By Divij Jain ’21
On May 16, the Bundesliga (German soccer’s top division) resumed after a 66-day hiatus, and fans around the world tuned in to watch the games from home.
The Bundesliga was the first high-profile European soccer league to reopen after the postponement of all the major European leagues. La Liga, the Spanish top division, followed by resuming on June 11, and shortly after, the English Premier League and the Italian Serie A resumed. Only one of the “top-five leagues” in Europe was missing: France’s Ligue 1.
Five days after the last set of Ligue 1 fixtures, on March 8, the Ligue de Football Professionnel (LFP—the body that governs Ligue 1 and Ligue 2, the top two divisions of French soccer) postponed the season indefinitely due to the rapid spread of COVID-19 throughout France. All European top soccer divisions postponed the season due to the arrival of COVID-19, except for the Belarusian Premier League. For several weeks, players and teams, unaware of whether the season would resume, did not know how to proceed. Group training was prohibited in most countries, so players took the initiative to train and stay in shape from home in case the season suddenly resumed.
On April 24, the Dutch Eredivisie became the first high-profile league to state their plans for how to proceed. After several teams, including Ajax, AZ Alkmaar, and PSV Eindhoven, expressed their concern for the safety of players and staff and requested that the season be cancelled, the Royal Dutch Football Association announced that neither the Eredivisie nor Eerste Divisie (the Dutch second division) would not resume. One day later, the Dutch FA added that there would be no champion for the 2019/20 season and no promotion or relegation between the leagues. At the time of the postponement of the league, Ajax and AZ Alkmaar were tied on points for first place, with Ajax ahead on goal difference.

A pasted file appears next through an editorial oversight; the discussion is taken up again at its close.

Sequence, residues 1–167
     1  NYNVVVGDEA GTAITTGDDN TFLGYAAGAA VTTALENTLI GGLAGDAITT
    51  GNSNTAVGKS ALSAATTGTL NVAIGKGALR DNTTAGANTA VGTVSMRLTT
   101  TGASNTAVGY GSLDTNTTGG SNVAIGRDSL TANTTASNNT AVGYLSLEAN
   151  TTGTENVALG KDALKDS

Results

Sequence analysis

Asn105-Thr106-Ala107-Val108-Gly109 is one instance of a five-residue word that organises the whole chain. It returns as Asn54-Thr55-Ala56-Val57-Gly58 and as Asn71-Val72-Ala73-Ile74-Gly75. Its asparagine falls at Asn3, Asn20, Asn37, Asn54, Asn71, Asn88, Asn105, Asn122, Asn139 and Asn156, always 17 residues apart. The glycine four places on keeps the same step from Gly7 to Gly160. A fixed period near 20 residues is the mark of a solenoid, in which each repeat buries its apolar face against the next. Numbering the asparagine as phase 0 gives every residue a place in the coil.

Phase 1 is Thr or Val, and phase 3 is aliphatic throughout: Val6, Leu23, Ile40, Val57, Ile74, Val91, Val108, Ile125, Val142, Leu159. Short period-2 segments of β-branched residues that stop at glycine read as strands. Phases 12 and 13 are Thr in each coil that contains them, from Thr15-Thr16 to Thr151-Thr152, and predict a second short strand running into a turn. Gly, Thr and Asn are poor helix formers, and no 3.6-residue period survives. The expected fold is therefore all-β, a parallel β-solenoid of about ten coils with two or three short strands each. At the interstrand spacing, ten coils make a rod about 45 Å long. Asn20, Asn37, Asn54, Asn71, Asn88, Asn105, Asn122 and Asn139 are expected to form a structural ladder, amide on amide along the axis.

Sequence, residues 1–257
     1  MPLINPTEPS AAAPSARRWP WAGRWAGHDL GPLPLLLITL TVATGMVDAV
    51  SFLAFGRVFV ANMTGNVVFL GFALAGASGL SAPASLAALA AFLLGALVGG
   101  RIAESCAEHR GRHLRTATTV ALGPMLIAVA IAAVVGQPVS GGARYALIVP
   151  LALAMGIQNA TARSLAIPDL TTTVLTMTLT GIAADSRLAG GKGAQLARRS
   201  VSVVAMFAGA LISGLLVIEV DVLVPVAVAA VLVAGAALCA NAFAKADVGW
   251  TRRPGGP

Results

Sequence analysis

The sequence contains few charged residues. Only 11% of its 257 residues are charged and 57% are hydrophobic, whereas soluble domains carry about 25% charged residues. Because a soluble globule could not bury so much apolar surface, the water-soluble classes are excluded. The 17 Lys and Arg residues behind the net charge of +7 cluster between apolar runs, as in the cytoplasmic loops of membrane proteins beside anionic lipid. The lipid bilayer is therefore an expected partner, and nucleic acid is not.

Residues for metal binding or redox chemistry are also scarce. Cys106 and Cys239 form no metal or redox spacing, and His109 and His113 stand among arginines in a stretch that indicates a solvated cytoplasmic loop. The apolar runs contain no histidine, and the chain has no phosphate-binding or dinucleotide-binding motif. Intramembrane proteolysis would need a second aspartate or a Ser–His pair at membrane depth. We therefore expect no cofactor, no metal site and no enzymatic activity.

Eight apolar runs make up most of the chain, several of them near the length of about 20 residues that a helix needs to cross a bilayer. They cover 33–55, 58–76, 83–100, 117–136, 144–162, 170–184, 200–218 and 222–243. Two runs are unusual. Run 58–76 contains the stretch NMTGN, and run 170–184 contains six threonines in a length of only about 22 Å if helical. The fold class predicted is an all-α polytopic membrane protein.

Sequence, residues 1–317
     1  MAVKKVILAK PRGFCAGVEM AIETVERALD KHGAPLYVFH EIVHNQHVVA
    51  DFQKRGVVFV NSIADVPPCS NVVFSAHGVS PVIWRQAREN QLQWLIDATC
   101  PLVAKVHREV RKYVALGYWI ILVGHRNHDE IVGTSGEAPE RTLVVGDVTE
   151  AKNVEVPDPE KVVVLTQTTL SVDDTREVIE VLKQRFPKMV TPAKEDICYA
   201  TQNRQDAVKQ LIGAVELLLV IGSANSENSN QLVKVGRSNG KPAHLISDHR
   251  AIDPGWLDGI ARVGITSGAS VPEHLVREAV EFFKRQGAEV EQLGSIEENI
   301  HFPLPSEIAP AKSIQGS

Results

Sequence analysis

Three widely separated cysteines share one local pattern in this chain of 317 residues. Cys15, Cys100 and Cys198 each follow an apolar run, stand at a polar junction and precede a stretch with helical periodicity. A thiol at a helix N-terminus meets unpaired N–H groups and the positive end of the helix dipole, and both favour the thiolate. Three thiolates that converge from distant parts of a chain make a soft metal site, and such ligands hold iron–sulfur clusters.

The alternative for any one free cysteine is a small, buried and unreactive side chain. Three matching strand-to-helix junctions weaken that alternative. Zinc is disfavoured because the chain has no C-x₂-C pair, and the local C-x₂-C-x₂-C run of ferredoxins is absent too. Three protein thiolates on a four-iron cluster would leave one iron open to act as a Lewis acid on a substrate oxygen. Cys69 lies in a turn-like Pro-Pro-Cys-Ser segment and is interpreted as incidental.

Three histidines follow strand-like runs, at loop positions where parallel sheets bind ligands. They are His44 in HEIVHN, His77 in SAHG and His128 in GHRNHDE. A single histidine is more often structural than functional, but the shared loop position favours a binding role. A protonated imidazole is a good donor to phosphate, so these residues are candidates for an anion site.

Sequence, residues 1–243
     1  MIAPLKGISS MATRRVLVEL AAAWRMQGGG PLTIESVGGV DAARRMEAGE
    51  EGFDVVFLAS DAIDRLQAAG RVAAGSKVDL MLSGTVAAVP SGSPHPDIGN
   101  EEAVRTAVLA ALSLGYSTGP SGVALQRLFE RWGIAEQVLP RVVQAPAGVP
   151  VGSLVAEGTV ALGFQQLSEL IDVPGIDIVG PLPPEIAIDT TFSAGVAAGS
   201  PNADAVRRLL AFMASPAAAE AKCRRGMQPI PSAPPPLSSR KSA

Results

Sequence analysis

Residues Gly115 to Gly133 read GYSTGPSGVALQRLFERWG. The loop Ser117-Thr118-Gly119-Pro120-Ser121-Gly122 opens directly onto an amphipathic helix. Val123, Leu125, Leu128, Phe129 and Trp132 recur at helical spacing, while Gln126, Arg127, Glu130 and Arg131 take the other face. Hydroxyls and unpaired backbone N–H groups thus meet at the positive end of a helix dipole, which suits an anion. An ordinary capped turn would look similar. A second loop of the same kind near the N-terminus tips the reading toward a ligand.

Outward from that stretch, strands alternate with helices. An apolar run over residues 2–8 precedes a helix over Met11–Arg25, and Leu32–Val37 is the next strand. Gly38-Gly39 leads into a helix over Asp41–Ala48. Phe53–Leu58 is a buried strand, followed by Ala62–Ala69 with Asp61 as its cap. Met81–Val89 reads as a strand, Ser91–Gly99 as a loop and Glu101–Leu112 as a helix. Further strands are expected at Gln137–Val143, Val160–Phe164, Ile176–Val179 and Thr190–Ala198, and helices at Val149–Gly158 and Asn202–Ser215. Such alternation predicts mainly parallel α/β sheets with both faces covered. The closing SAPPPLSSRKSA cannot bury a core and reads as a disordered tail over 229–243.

On April 28, then-Prime Minister Édouard Philippe announced that no sporting events would be allowed to take place in France until September, leaving the LFP to decide whether a champion would be crowned, promotion and relegation would occur between Ligue 1 and Ligue 2, and who would qualify for the 2020/21 Champions League and Europa League. Two days later, the LFP made their decision: Paris Saint-Germain, twelve points ahead of second place at the time of the postponement of the season, were awarded their third consecutive league title, bottom two teams Amiens and Toulouse were relegated to Ligue 2, and the remaining standings were determined on average points per game (since at the time of postponement, PSG and Strasbourg had only played 27 games while all other teams had played 28). Qualification for the Champions League and Europa League was decided from the updated league table: top three teams PSG, Marseille, and Rennes qualified for next season’s Champions League, while the next three teams, Lille, Reims, and Nice, qualified for the Europa League. Seventh-placed Lyon missed out on participating in a continental competition for the first time since 1997.